We headed to Gran Canaria to enjoy some Winter sun in November-December 2018. We spent 10 days in Maspalomas before hiring a car and driving to tiny but lovely Sardina. We drove along the West coast from Maspalomas to Sardina as this is the more scenic route, it is the less developed side of the island. The road was actually very good surface wise but definitely took some concentration as it is very windy and narrow in places, with a steep drop to your left for a lot of it.
From our base in Sardina and with some tips and advice from our Airbnb host (a local born in Sardina) we did a few short road trips around the centre of Gran Canaria. I must mention, the roads are very narrow for the majority of the driving, some are extremely steep also and twisty of course! The nature of these roads means that although the distances are short, the driving/speed is very slow! The views are great though.
We set off around 10.30am on a warm but cloudy morning, with Google maps leading us to all my starred locations. Our first stop was a beautiful lookout called Mirador de Pinos De Galdar where we got some lovely photos! Read more about this lookout here.
Back in the car and next we drove to Artenara. We parked at the outskirts of the small town, near a viewpoint and walked down as we weren’t sure what the parking would be like and it worked out fine for us.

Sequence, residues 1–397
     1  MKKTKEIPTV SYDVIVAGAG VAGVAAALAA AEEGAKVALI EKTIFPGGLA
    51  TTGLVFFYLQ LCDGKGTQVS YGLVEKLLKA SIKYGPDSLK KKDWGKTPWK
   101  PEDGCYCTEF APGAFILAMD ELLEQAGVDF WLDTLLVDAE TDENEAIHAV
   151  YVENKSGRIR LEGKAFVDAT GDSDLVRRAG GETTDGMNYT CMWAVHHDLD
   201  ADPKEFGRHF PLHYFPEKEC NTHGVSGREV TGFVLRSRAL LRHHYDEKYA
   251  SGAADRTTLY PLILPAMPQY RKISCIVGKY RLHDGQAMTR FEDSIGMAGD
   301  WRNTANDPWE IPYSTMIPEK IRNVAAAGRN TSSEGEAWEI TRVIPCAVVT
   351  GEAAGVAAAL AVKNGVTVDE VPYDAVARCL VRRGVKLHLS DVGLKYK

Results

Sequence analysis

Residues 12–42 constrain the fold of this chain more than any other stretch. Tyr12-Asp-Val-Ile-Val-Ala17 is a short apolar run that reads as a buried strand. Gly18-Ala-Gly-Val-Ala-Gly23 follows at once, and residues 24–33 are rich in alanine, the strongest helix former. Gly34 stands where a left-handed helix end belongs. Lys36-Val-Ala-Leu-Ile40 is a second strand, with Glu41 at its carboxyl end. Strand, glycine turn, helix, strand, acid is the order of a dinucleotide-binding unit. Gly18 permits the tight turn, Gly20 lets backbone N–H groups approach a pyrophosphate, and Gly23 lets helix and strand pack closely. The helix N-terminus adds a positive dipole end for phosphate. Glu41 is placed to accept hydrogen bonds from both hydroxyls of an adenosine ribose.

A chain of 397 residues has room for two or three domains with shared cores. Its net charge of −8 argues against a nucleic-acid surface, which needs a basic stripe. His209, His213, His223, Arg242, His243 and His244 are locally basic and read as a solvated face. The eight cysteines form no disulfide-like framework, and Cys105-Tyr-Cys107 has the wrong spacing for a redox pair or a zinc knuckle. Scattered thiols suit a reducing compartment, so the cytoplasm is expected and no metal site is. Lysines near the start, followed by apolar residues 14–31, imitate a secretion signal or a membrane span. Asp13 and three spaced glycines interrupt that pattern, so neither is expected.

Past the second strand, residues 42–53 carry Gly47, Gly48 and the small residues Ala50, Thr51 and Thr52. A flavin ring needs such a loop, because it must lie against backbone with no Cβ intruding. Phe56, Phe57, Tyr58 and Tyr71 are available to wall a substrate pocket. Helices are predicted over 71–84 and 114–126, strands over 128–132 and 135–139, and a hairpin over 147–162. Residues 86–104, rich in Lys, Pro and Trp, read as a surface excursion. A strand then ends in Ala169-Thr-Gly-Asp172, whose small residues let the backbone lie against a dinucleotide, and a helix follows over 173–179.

We spent a while walking around the town, visited some of the miradors and then made our way to the Museo Etnografico Casas Cuevas de Artenara. Entry is free but they do have a donations box. It is a self-guided tour but you are provided with a laminated information sheet which explains what you are seeing in each area as you walk around. You are given a great insight into “cave life” and the history of the people of Gran Canaria who lived in these dwellings.
After lunch in the vegan restaurant Biocreperia (read more about this in my article “Biocreperia RiscoCaido - A Fantastic Vegan Dining Experience in Artenara, Gran Canaria”) we hit the road once more.
Our next stop was Roque Nublo, one of the largest natural crags in the world. The rock is of volcanic origin and stands at 80 metres tall. We found parking along the road and did the trail walk to it (approx 3kms return). The trail is easy and it was very busy with people of all ages. The views are amazing!!
Following this we headed to the Picos de las Nieves which is another viewpoint which offers fantastic views of the Island and stands at 1,949 metres above sea level.
By now it was 5.30pm and about time we headed back home to Sardina, so that’s what we did.